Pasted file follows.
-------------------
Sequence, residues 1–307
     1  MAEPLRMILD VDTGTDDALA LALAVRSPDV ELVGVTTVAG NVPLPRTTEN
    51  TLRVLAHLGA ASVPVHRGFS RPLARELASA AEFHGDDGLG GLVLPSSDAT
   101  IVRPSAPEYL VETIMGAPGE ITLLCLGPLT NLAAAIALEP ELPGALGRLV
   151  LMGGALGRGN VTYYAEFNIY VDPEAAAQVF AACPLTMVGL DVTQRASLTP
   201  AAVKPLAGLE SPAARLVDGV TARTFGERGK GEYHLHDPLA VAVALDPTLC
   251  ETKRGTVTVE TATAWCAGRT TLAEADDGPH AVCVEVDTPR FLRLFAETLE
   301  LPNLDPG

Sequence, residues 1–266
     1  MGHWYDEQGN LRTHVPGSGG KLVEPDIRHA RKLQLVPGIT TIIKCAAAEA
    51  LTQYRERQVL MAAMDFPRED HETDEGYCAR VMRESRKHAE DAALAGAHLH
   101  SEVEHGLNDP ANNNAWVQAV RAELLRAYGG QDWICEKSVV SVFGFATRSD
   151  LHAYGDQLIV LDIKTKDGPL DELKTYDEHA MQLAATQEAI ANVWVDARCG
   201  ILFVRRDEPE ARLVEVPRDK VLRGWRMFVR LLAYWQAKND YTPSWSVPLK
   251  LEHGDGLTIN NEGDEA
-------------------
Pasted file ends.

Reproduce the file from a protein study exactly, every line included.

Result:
Sequence, residues 1–307
     1  MAEPLRMILD VDTGTDDALA LALAVRSPDV ELVGVTTVAG NVPLPRTTEN
    51  TLRVLAHLGA ASVPVHRGFS RPLARELASA AEFHGDDGLG GLVLPSSDAT
   101  IVRPSAPEYL VETIMGAPGE ITLLCLGPLT NLAAAIALEP ELPGALGRLV
   151  LMGGALGRGN VTYYAEFNIY VDPEAAAQVF AACPLTMVGL DVTQRASLTP
   201  AAVKPLAGLE SPAARLVDGV TARTFGERGK GEYHLHDPLA VAVALDPTLC
   251  ETKRGTVTVE TATAWCAGRT TLAEADDGPH AVCVEVDTPR FLRLFAETLE
   301  LPNLDPG

Sequence, residues 1–266
     1  MGHWYDEQGN LRTHVPGSGG KLVEPDIRHA RKLQLVPGIT TIIKCAAAEA
    51  LTQYRERQVL MAAMDFPRED HETDEGYCAR VMRESRKHAE DAALAGAHLH
   101  SEVEHGLNDP ANNNAWVQAV RAELLRAYGG QDWICEKSVV SVFGFATRSD
   151  LHAYGDQLIV LDIKTKDGPL DELKTYDEHA MQLAATQEAI ANVWVDARCG
   201  ILFVRRDEPE ARLVEVPRDK VLRGWRMFVR LLAYWQAKND YTPSWSVPLK
   251  LEHGDGLTIN NEGDEA